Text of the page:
Seventy-five people from a dozen Haitian diaspora and faith-based organizations, including Faith in Florida, Faith in New Jersey, Faith in New York, Massachusetts Communities Action Network, Family Action…
“Thanks to God, we harvested the first fish from our pond on Holy Thursday. It is our hope to feed our entire community in the future.” – Evans Desinord, OPODNE leader in Capotille
Through the People’s Organization for the Development of Northeast Haiti (OPODNE), residents in rural Capotille created a fish cooperate to generate income and feed their neighbors. Without a functioning government, OPODNE grassroots leaders across North and Northeast Haiti are using the resources they have to survive and advance grassroots community development.
OPODNE members also understand the need for larger system changes to address rising hunger in Haiti, where 4.9 million people don’t have enough to eat. Through OPODNE’s “Today we plant so that tomorrow we can eat” campaign, local farmers and residents are working to change agricultural policy in Haiti. They are pressing the U.S. Agency for International Development (USAID), the Haitian government, NGOs and development contractors to listen to the voices of small-scale farmers, focus on crops that feed the Haitian people rather than exports, and help farmers adapt to climate change. Last year, OPODNE listened to more than 4,000 local farmers, who identified the need for irrigation, high-quality seeds, tools, and credit as their top priorities.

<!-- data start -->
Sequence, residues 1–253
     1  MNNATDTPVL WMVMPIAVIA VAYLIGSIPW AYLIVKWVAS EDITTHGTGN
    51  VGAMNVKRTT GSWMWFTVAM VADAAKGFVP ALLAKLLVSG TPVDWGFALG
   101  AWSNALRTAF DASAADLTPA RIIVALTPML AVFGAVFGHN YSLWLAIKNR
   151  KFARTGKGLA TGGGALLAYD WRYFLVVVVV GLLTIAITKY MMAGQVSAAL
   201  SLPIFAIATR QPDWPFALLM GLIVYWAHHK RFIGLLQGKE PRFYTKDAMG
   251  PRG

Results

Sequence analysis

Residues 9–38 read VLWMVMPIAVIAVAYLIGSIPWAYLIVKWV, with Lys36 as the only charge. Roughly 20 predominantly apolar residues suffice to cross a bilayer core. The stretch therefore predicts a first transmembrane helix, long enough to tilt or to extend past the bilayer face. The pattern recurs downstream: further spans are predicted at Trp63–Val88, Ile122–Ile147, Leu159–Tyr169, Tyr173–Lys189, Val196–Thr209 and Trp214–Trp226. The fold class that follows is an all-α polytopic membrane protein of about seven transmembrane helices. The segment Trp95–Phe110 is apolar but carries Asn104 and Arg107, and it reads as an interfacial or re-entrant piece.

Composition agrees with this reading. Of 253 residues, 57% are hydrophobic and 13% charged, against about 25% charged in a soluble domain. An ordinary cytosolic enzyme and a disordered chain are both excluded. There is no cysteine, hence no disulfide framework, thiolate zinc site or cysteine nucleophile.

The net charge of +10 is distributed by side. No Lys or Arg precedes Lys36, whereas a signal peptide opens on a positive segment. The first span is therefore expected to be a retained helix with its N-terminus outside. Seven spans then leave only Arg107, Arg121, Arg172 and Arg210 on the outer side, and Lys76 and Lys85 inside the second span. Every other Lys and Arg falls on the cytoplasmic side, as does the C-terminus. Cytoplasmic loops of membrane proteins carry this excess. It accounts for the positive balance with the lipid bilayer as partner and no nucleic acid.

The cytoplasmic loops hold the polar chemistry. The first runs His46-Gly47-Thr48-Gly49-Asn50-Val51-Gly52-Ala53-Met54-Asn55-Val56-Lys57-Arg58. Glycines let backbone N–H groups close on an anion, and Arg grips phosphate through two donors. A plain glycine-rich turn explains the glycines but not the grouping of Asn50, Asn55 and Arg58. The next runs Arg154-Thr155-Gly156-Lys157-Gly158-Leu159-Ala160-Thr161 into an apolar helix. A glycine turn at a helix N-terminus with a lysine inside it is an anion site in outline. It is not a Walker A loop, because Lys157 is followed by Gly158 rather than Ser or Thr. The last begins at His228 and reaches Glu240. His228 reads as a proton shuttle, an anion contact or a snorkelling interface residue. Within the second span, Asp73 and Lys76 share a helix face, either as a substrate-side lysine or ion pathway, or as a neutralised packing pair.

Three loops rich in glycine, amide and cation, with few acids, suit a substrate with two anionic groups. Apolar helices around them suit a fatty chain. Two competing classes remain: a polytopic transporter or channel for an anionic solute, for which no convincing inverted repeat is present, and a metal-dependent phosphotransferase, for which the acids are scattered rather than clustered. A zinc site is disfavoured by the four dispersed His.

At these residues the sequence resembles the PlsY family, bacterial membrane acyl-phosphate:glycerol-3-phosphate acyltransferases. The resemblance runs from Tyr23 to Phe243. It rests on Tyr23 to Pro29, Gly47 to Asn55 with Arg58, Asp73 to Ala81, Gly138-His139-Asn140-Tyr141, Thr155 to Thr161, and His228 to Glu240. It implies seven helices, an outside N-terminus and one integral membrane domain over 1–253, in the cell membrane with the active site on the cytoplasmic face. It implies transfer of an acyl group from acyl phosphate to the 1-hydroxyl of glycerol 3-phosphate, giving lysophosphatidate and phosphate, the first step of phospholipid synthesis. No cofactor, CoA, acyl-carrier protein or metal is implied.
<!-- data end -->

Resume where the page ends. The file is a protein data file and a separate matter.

To make sure the voice of local communities is heard and to build the power to influence agricultural policy, OPODNE has undertaken an aggressive expansion effort that has more than doubled the organization’s membership over the past six months, growing from 22 to 54 organized communities.
In April, OPODNE met with USAID officials to discuss the agency’s continued reliance on large top-down projects managed by foreign contractors and NGOs, that are not responsive to the needs of local farmers. Despite promising to change how it operates in Haiti, USAID awarded two contracts worth a total of $80 million to international for-profit companies and NGOs to run agriculture initiatives in Haiti, without consultation with community-based organizations.
In partnership with Centre d’Agriculture Saint Barnabas (CASB), OPODNE is working to establish a seed bank that would provide quality seeds to farmers across North-East Haiti. OPODNE and CASB have raised $10,000 from generous donors in the U.S. for a pilot to make seeds available to farmers in two communities. In the meantime, they are pressing USAID to support the North-East Community Seed Bank as an example of locally-led initiatives to address hunger in Haiti.
The more challenging issue is a decade-long drought in the Northeast caused by climate change and mismanagement of water resources. OPODNE along with U.S. diaspora allies and faith communities are laying the groundwork for a water management plan that would make water for small farm irrigation available from the Plaine du Nord Aquifer. Stay tuned.
While OPONDE grows in the Northeast, the organization’s new grassroots community organizing effort in Haiti’s North Department is also adding new communities.